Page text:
Wednesday, 12 April 2017


A completely true story, let me assure you. Well, sort of. It didn't happen in the Earl of Crewe, but in the Earl of Chester, a much smaller, cosier, pub on Wistaston Road.
The facts in the case are simple: My mate Morgan and I were drinking in the Earl of Chester and, when he went to the bar to buy another round, the landlord of the pub, without a by-your-leave, had been transformed  into an alsation dog (or German Shepherd dog, to be a little more up-to-date) and this alarming incident led to the writing of the poem in 1991.
The original title was Unbelievable Happening at The 'Earl of Crewe' Public House, 1991 but, when it came to publishing a new poetry booklet that year, I was stuck for a title and used the line 'The Landlord Turned Into A Dog', which makes a better and less unwieldy title anyway.
Over the years people have put forward various explanations for this astonishing experience; many have suggested that what really happened was that the landlord, for some reason, stepped out of the room and the dog wandered in to take his place. This simplistic explanation is, of course, laughable. It's far more likely that a hole opened up in the space/time continuum and that the dog and landlord slipped through worm-holes in time and space, suddenly finding that they had changed places. Thus the dog found itself behind a pub bar and the landlord, in all likelihood, ended up in a kennel somewhere with a bowl of Pedigree Chum in front of him.
Everyone knows these things happen.
The photograph used to illustrate this poem is interesting. It was not arranged or staged in any way, but it just so happened that Morgan and I were in a pub, somewhere in Derbyshire. just after the poem had been written. I went up to the bar and was presented with the scene you see above, which I recorded for posterity with my camera. It was a sure and certain sign that the Dog/Landlord poem was just Meant To Be.
The photo was used on the cover of the aforementioned Landlord Turned Into A Dog booklet and the wonders of the internet mean that it can now be seen, for the first time, in full colour. You might like to note that, at the time, there was no enormous black and white hand pointing to the dog's head. That's just fiendishly clever PhotoShopping.
The reference to the late Jeremy Beadle in verse twelve firmly dates this poem. It could easily be updated with the name of some modern-day celebrity, but I've decided to leave it just as it is for now.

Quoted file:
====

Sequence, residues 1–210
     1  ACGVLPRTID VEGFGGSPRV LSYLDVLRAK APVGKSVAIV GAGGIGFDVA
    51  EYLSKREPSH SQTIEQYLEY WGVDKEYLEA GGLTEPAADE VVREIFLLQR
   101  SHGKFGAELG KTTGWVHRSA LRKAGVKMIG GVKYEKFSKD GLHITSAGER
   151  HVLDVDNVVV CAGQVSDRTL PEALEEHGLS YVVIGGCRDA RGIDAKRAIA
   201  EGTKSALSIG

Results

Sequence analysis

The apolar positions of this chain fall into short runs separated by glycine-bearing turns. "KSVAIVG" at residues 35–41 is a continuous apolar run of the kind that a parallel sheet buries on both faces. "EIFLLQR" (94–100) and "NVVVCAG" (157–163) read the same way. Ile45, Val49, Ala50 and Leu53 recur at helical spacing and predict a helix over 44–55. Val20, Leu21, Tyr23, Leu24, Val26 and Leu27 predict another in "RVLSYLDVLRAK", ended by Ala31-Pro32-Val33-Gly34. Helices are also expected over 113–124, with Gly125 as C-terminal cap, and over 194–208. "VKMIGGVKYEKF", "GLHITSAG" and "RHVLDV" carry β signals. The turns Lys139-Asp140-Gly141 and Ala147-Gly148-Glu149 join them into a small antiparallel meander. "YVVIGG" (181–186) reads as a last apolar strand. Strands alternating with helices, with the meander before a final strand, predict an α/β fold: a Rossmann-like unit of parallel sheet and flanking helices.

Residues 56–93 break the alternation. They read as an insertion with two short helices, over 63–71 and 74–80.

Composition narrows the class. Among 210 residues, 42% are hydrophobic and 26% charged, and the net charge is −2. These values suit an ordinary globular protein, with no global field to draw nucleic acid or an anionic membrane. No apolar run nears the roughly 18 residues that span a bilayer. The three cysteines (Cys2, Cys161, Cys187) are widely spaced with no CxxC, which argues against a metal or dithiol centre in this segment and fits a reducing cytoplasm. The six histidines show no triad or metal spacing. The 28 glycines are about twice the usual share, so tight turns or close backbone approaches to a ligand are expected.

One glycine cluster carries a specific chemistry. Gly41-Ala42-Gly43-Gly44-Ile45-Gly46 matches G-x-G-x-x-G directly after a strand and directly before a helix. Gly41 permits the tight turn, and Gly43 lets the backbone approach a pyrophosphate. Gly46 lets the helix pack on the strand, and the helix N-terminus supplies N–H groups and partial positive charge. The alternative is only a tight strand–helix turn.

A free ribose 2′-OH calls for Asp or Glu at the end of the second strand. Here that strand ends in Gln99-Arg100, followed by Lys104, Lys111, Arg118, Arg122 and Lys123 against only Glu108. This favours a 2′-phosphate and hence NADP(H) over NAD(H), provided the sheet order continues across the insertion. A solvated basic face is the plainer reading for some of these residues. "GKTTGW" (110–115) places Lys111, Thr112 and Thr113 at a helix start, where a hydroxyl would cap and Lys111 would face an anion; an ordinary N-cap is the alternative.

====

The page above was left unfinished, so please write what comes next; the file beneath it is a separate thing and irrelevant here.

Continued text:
Those who have dabbled in the writing of verse will appreciate the feeling of satisfaction I got from rhyming 'trickable' with 'inexplicable'. It's perfect (though, for some reason, when I perform this piece, the line always elicits a groan from the audience).

The Landlord Turned Into A Dog

by Dave Roberts

Shakespeare once said, when he'd had one or two,
'There are more things in heaven and earth...'
And it's true; in this life really strange things go on;
Here's my tale, for what it may be worth.

I've always been right down to earth as a rule,
And I've never been easily trickable,
But, last week, in Crewe, something happened to me
Which can only be called inexplicable.

I'd been sinking some pints in the old Earl of Crewe
And, while I was out in the bog,
In direct contravention of natural laws,
The landlord turned into a dog.

It came as a shock: I was non-plussed, of course,
At the sight of a full-grown alsation
Where the landlord had stood, only seconds before;
There seemed to be no explanation.

But then, on reflection, I worked the thing out;
The ale had a kick like a mule.
It had given me DTs and driven me mad,
And made me react like a fool.

So I thought, steady on, there's no cause for alarm,
This is nothing but hallucination.
I had finished my drink, so I picked up the glass
And offered it to the alsation.

'A pint of best bitter, please, landlord,' I said,
'And I might try one more pickled egg.'
The landlord stood growling and baring his teeth,
And scratching his ear with his leg.

I surmised that the landlord was not all that pleased,
And considered it best not to linger,
So I said, 'I'll be off then,' and gave him a wave,
And he bit off the end of my finger.

Here's a tip: when your landlord's turned into a dog
It is best if you try not to vex it;
So I flashed it a smile and I turned on my heels
And made a quick dash for the exit.

Like a bat out of hell I shot off down the road
Pursued by an angry alsation,
On a quick scenic tour of the back streets of Crewe,
'Til he ran me to ground, near the station.

And then a policeman came strolling along.
He stopped and exclaimed, 'I'll be blowed!
'Is this your dog?' I said, 'don't be a fool,
'He's the bloke from the pub down the road.'

As I lay in the cell on the following day
I thought, no point in getting the needle;
Things could be better, but things could be worse,
At least I'm not Jeremy Beadle.

The Magistrate took a dim view of the case,
And didn't consider it funny;
He said dogs and landlords should not be confused
And he fined me a great deal of money.

But something has puzzled me ever since then;
Though I've thought the thing over and over -
There aren't many dogs who will serve you with ale,
And there aren't many landlords called Rover.

© Dave Roberts/Salt Town Productions 2011

Originally published on THE ODD EXCEPTION 5th October 2011

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